Cruisers Forum

Join CruisersForum Today

Thread Tools Rate Thread Display Modes
Old 03-09-2010, 23:11   #1
Registered User
Alan N Crichton's Avatar

Join Date: Jul 2008
Location: Cape Town South Africa
Boat: Admiral Catamaran 38ft
Posts: 33
Watermaker - 12vdc, 220vac, or Engine-Driven

I am currently looking for a water maker but given the high current drawn I am tempted to go for the high pressure pump that is driven by V-belt from the main engine. (Ech2otec) During voyages I will run the motor every 3 or 4 days for a couple of hours - have 1000l (~ 200 gallon) of fresh water storage. I have solar panels , invertor and my wind generator is ordered but still think of maximising efficiency when the engine is running - charge batteries , make water , do washing , have hot shower etc all in the couple of hours every few days. Anyone with experience of these mechnical drive types and the things to watch out for ?

Alan N Crichton is offline   Reply With Quote
Old 03-09-2010, 23:33   #2
Registered User
Albro359's Avatar

Join Date: Jun 2009
Location: Elyse is in Fiji
Boat: Amel Super Maramu 2000
Posts: 509
They don't all draw high current..there a re a lot of posts on here about this.
3rd generation watermakers give the best output per amp...I have a Schenker that produces 35litres per hour for a current draw of only 8-9 Amps. I run it every day when I run the engine for 90 minutes which produces :
50 litres of fresh water
Heats the hot water cylinder
Keeps the freezer down below -20degC
fully charges my 420Ah AGM battery bank
I don't have solar panels or a wind generator
You have to run yoiur engine why not go with a super efficient watermaker rather then a simplistic 1st generation unit ?

See you out there ....... Alan S.V. Elyse
Albro359 is offline   Reply With Quote
Old 04-09-2010, 04:38   #3
Registered User

Join Date: Oct 2005
Posts: 120
do not recommend belt driven

We had a belt driven WM over the last 4 years and it has caused more problems and cost more than a 12V one would have, so we are in the process of converting it to DC now.
I would strongly recommend to go for a DC system.
Belt driven system problems include:
- cost of mounting it on the engine (almost $1000 when all was said and done after the first one in Aluminum broke. Note that the HP pump is very heavy)
- damage (or wear) to the engine
- can't use it while under way (too restricted rpm range)
- Have to run the engine specially for the WM

Can't comment yet on the DC system, we should have it up and running in a few days.
claire is offline   Reply With Quote
Old 04-09-2010, 06:31   #4
Eternal Member
capt_douglas's Avatar

Join Date: May 2003
Location: Ft. Lauderdale, FL
Boat: Vancouver 36 cutter????
Posts: 620
Send a message via Skype™ to capt_douglas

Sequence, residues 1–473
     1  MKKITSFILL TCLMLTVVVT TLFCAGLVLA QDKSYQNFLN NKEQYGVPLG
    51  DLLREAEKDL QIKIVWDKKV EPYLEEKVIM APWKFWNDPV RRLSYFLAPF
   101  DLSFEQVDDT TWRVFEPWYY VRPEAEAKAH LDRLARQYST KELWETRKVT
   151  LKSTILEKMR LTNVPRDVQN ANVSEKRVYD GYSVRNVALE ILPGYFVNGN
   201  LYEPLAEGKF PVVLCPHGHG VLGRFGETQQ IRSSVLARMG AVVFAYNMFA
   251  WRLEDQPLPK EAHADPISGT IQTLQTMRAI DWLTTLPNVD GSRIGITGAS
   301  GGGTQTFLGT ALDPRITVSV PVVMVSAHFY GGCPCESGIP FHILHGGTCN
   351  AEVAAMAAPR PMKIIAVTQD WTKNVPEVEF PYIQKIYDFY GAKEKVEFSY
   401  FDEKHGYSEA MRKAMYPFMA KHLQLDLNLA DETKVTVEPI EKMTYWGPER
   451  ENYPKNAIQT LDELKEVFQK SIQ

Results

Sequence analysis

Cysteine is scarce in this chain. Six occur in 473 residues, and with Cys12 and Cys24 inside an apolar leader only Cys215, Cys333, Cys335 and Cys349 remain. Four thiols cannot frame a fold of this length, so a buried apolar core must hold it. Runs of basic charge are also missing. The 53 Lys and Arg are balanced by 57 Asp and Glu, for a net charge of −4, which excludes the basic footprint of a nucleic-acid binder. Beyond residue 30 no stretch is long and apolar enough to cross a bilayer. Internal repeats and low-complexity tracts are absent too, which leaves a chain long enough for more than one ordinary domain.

I've got a PUR-40 that makes about 1.5gph@4A. Their 80gpd model takes around 9A, iirc. I try to conserve water and collect it when it's available and cheap.

I've got engine driven refrigeration and don't have another belt slot for a water maker high pressure pump. I'm trying to avoid running the engine so the 12VDC version is what works for me.

The type of water maker would be dictated by the water and power requirements you have I think. If you're going to run the engine to recharge batteries/refrigeration/water maker and have the PTO/belt space, you might be better off especially if you use a lot of water.
Capt. Douglas Abbott
USCG/MCA IV/M.I./C.I. 500-ton Oceans
capt_douglas is offline   Reply With Quote
Old 04-09-2010, 06:45   #5
Senior Cruiser
JusDreaming's Avatar

Cruisers Forum Supporter

Join Date: Jul 2004
Location: Stuart, FL & Bahamas Cruising
Boat: Lagoon 37
Posts: 878
Images: 13
I built our's and it is engine driven, and has worked flawlessly. The only problem we have is it is designed for low RPM, (1800-2000), and if you go over that rpm it tends to draw a vacuum. It is nice to charge everything and make water while heading to the next anchorage
Denny and Diane
Lagoon 37
"The only way to get a good crew is to marry one." -Eric Hiscock
JusDreaming is offline   Reply With Quote
Old 04-09-2010, 08:32   #6
Registered User
c.spots's Avatar

Join Date: Jul 2007
Location: Now in Davao, the Philippines.
Boat: Leopard 40 catamaran
Posts: 121
Send a message via Skype™ to c.spots
If you are planning on offshore cruising, consider a 12V system. The redundancy of the power source is a good safety factor. If your engine, generator, or inverter fail..... Most of us have several ways to get 12V power. I like the Cape Horn extreme, since it is energy efficient, and has pump redundancy too.
Don't bother with the added expense, complexity, and unreliability of an automated unit. A rain catchment can get you free water, but isn't reliable in most places.
If you insist on a long hot fresh water shower every day, consider a 110 unit, and maybe get a genset (or two cheap gas ones, so you have a spare?) and/or a spare inverter.
I prefer to cut the cord, and can produce 18 gallons an hour with power from my solar panels.
Robert W.

Life shouldn't be a race to the finish line - enjoy the journey.
c.spots is offline   Reply With Quote
Old 05-09-2010, 09:30   #7
Registered User

Join Date: May 2009
Location: Massachusetts
Boat: 40' Silverton Aftcabin with twin Crusaders
Posts: 1,444
This thread has me excited me to look into building one. Of course, it will be a winter project. I will be back with many questions as I learn and search out information from those who already experienced the thrill of building their own. Mine will operate from my generator via AC.

More later in a new thread so I don't hijack this one.

foggysail is offline   Reply With Quote
Old 05-09-2010, 09:48   #8
Registered User
Jon Hacking's Avatar

Join Date: Sep 2010
Location: Currently cruising Southern Indonesia, heading for peninsular Malaysia
Boat: Wauquiez 45' (now 48') catamaran
Posts: 514
Send a message via Skype™ to Jon Hacking
If you're looking for efficiency (liters/amp-hour of electricity) then it's hard to beat the 12-volt units that recycle the high pressure water from the membrane. (If you have a gen-set, then you're probably looking more for best $ for however many liters/hour you need.)